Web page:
The Illuminator for The Star Panel
This project is to build a 3 LED light source for the star field I built. I decided to use LEDs because of their low power consumption, and very low (if any) heat dissipation. They’re expensive, but give a clean, light blue color to the stars. Also, they’re considerably smaller and brighter than incandescent bulbs. The description below assumes that you have some basic knowledge of current and resistance.
LEDs: I went to the local electronics store after finding nothing useful at Radio Shack – the LEDs that they had were small (5mm diameter) and dim (3600 millicandella). For a punch in the gut of $10 each, I bought three 10mm diameter, 7600 millicandella LEDs – perfect for the job. The white LEDs are significantly more expensive than colored ones. In the blurry picture to the right, from left to right is the 10mm LED I am using, the RadioHack LED, and a smaller LED from the electronics store. The green board is called a breadboard – I had one lying around the house.
Basic construction: I couldn’t build the illuminator until I knew where my fibers were. I found them to be, as I had planned, about one inch apart. I laid the LEDs out and began wiring as depicted in the circuit diagram to the left.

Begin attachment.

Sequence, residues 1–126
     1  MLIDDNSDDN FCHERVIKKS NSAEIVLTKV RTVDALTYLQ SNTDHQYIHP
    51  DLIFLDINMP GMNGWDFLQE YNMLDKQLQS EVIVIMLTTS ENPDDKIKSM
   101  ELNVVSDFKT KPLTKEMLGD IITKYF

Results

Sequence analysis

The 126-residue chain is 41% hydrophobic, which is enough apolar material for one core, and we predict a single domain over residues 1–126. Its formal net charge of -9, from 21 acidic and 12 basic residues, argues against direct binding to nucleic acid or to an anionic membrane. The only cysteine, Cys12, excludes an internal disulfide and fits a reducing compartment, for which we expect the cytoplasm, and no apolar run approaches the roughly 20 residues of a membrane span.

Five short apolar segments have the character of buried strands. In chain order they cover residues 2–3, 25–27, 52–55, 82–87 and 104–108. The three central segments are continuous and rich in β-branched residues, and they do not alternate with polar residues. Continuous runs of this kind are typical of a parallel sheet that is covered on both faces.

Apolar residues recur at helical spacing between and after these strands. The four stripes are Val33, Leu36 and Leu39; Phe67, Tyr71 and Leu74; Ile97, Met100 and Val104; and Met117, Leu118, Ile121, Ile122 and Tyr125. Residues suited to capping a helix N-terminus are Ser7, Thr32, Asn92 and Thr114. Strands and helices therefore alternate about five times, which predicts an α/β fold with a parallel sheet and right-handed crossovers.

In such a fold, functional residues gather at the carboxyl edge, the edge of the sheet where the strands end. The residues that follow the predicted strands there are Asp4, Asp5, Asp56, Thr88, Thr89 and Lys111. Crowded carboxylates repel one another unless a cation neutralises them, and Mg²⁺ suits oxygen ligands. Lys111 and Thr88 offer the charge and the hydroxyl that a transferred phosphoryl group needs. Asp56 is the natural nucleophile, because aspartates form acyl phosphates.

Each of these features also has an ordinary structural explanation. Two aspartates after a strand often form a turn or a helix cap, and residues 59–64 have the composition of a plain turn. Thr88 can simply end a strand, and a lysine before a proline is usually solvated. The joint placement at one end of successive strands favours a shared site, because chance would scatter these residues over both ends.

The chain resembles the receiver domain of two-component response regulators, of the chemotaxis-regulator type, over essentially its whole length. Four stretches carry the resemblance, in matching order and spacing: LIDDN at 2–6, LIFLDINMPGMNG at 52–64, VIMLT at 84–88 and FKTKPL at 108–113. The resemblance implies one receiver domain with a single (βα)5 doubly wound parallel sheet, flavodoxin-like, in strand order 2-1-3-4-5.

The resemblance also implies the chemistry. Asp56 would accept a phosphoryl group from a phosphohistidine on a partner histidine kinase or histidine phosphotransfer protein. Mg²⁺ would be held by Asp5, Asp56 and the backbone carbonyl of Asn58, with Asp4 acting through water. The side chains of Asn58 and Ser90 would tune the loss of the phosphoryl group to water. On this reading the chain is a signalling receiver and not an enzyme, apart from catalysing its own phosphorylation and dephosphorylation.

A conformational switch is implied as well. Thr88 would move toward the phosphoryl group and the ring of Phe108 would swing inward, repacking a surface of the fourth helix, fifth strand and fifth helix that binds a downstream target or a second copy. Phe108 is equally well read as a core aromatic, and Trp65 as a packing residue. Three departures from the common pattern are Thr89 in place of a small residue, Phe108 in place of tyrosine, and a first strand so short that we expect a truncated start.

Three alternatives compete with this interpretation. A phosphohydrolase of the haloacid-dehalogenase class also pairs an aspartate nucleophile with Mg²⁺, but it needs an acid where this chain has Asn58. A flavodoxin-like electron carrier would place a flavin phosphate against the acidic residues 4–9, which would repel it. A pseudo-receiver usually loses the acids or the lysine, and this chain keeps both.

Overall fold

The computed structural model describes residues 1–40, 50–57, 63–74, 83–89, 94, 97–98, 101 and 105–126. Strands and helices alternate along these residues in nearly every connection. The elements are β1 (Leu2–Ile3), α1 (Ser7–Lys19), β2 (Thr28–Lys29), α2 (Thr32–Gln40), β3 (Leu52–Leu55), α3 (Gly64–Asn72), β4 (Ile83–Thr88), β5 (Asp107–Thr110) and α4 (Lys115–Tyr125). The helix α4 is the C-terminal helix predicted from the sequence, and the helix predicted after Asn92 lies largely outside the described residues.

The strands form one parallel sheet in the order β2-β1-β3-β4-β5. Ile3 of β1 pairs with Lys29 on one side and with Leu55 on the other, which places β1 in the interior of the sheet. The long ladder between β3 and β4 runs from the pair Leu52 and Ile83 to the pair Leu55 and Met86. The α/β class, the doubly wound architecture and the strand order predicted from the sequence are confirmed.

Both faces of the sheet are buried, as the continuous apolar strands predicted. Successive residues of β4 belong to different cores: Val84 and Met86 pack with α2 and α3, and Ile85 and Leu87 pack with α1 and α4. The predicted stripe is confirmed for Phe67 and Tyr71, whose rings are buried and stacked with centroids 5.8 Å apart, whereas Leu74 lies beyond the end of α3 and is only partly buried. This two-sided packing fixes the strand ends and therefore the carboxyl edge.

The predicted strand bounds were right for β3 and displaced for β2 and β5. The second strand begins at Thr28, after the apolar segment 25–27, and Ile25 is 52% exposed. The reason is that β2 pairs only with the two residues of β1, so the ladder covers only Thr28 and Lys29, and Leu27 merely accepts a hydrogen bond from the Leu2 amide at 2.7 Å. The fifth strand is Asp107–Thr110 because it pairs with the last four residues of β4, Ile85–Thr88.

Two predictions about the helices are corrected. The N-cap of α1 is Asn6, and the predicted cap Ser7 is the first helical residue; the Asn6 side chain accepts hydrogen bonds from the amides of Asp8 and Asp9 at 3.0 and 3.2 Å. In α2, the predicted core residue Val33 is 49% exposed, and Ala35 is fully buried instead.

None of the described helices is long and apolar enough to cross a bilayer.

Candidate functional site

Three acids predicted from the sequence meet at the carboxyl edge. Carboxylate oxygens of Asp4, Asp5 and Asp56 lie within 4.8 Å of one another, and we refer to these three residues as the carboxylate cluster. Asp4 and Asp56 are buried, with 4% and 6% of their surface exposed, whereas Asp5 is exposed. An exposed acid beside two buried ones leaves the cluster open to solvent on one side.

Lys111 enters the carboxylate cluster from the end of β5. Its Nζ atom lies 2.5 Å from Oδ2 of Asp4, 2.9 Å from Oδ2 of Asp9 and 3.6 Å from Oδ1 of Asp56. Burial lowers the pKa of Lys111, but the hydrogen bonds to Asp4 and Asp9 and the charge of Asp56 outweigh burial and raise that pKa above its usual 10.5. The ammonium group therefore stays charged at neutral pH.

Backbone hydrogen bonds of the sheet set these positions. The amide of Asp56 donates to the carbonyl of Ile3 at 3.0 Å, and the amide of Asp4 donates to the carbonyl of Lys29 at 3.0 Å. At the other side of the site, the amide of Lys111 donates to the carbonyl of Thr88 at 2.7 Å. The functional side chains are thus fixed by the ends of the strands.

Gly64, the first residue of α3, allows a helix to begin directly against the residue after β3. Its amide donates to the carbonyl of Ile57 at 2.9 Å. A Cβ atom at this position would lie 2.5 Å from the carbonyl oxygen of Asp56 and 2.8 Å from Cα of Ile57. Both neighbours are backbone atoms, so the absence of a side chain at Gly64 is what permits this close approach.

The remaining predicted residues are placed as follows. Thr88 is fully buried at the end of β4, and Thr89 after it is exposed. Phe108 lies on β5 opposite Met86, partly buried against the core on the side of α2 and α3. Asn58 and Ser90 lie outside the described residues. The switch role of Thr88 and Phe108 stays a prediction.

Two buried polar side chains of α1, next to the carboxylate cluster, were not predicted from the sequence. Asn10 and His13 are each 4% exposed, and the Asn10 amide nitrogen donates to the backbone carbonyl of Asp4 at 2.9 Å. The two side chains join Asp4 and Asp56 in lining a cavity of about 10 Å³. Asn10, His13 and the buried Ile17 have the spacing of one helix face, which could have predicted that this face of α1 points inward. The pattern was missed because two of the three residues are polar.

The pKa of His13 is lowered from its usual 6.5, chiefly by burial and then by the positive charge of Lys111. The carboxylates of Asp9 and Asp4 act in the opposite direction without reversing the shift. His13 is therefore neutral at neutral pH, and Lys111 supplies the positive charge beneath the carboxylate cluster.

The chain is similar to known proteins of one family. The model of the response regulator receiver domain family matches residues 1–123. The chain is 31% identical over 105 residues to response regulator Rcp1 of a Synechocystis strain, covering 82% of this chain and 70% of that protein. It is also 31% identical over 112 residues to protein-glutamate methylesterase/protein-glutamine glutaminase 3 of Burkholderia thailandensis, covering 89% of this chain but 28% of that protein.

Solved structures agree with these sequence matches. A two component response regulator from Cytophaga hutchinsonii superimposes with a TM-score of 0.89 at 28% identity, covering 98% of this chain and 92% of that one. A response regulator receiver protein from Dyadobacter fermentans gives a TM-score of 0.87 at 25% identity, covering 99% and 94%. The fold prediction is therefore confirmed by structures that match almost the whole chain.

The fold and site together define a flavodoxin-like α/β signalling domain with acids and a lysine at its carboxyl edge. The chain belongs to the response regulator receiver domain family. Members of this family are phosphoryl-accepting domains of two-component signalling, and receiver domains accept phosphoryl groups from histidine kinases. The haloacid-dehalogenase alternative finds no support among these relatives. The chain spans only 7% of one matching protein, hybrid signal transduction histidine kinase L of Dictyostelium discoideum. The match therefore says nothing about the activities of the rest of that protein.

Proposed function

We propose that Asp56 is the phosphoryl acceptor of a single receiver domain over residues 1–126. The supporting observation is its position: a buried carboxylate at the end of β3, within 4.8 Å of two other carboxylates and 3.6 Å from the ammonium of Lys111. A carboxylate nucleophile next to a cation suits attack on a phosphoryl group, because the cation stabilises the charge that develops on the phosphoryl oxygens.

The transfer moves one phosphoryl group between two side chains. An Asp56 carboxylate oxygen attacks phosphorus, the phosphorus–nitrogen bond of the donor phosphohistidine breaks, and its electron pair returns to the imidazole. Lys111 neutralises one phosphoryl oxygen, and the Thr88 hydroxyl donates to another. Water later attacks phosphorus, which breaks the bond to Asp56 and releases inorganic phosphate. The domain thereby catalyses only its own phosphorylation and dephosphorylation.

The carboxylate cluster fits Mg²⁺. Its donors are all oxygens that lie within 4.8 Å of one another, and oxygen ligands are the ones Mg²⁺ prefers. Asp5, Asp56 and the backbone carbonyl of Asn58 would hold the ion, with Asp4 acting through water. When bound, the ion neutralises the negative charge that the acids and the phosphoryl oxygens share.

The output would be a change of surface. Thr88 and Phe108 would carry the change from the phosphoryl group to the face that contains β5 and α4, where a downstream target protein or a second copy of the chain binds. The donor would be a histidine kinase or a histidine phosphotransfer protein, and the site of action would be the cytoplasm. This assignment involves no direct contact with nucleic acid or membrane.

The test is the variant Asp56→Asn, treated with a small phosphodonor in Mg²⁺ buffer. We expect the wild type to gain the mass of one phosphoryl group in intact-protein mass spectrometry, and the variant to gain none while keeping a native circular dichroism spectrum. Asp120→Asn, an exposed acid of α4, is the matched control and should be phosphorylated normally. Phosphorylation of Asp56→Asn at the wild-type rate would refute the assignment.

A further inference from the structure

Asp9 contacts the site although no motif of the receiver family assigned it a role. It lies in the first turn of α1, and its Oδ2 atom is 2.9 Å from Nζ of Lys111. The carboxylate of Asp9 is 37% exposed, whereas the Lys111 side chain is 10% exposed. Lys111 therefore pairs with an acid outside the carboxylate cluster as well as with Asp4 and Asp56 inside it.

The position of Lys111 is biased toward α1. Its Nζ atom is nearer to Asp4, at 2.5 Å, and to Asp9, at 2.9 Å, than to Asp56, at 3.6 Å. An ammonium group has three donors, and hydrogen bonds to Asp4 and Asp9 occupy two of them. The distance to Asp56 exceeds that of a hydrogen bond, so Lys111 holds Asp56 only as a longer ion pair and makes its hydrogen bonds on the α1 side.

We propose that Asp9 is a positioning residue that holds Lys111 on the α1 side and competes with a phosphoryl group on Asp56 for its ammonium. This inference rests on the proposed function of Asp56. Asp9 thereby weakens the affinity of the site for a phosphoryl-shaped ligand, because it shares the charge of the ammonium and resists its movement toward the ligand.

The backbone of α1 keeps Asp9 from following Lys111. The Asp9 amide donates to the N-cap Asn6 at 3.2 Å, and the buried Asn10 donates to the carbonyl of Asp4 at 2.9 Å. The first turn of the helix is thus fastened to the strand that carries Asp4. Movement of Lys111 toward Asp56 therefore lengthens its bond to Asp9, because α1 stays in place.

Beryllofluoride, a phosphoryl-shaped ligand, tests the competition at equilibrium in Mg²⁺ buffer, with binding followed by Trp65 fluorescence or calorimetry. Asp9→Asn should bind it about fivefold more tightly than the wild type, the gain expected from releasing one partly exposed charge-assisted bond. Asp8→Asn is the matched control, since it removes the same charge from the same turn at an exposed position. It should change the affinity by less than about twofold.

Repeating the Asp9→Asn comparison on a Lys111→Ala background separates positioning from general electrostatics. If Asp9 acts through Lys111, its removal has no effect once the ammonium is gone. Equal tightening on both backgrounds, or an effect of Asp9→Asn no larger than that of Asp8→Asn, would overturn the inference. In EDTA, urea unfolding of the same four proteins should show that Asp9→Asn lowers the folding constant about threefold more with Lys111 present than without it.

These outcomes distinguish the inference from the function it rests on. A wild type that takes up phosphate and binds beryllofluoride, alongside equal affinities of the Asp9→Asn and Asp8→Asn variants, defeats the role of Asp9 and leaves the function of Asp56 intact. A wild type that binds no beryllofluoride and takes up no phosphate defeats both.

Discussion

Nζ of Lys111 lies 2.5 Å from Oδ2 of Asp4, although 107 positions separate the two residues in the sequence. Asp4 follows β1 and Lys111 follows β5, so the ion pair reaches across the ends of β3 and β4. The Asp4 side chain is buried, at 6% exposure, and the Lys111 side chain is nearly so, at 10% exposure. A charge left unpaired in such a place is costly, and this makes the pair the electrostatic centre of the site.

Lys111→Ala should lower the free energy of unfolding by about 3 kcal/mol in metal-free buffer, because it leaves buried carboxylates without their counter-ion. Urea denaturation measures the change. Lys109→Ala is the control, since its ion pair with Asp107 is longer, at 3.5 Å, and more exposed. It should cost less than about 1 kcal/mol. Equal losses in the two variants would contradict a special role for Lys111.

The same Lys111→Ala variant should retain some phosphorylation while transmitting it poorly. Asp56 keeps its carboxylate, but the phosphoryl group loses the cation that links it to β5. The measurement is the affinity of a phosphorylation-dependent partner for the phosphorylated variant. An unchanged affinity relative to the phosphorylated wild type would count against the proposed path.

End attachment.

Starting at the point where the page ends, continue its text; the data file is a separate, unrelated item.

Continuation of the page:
Circuit info: The LEDs I bought were rated at 3.5V, 30mA max. The diagram to the left gives, when R2 is set at 0 ohms, about 3v at 25mA per LED. I don’t want to fry the LEDs, though in the end, I had to settle for a 7V power supply, which worked fine, giving about 3.2V at 29mA per LED. In the picture, I had to put two 60 ohm resistors in parallel because I ran out of 120s.
Final summary: To hold all of the parts in place, I dabbed a little bit of epoxy around all of the leads and then soldered the components together. I then soldered a 500ohm potentiometer in series with the light source such that I can control the brightness of the whole panel from one dial. LEDs are curious, and won’t work at low voltages so though a switch might be nice, its not necessary.
Fiber Optic Store Comment: We applaud Davis for his creative initiative in building a custom illuminator for his star panel! We’d like to point out that we also offer an ULTRA BRIGHT LED illuminator that would work perfectly for this type of project. It is powered by a 9 volt battery and could be easily built into the panel. CLICK HERE to go to our 1000M illuminator page.